The biggest injection of dollars yet by Ghana’s central bank failed to stem the cedi’s slide on Wednesday amid a surge in foreign-currency demand from importers.
The Ghanaian currency dropped 1.6 percent to 6.03 a dollar by 11:52 a.m. in Accra, poised for the weakest close on record.
That erased the 1.4 percent gain on Tuesday after the Bank of Ghana tripled the amount of dollars offered at its forward-rate auction to $75 million, the most since the sales began in 2019.
“Business activity in general is bouncing back, and that’s what is driving the demand” for dollars, Gabriel Engmann, a currency trader at GCB Bank Ltd. in Accra, said by phone.
“A lot of companies that were down are picking up. We are getting demand from the commerce and manufacturing sector.”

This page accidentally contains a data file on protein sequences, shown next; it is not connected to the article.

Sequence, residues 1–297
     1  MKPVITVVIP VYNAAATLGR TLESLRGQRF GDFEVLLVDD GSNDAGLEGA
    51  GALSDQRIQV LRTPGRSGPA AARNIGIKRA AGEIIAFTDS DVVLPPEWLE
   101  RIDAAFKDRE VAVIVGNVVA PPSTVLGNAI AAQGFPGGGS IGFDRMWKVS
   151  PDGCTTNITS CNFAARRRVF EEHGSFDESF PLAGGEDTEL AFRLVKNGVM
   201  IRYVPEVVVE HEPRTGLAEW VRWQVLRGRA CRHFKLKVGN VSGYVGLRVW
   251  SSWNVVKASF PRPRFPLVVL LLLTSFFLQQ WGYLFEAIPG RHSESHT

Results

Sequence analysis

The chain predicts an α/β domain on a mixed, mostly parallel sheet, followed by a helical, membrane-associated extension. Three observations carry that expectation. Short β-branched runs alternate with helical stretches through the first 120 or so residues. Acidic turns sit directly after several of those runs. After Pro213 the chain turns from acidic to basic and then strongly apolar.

The currency of the world’s second-biggest cocoa producer has weakened every month since May as an economic revival following the pandemic spurred companies to soak up dollars to purchase goods to expand.
The West African nation’s economy is poised to expand 5 percent this year and the next, according to government forecasts. That would be the fastest pace since 2019.
The country’s trade surplus narrowed to 1.2 percent of gross domestic product in the first half from 1.5 percent a year earlier as imports increased.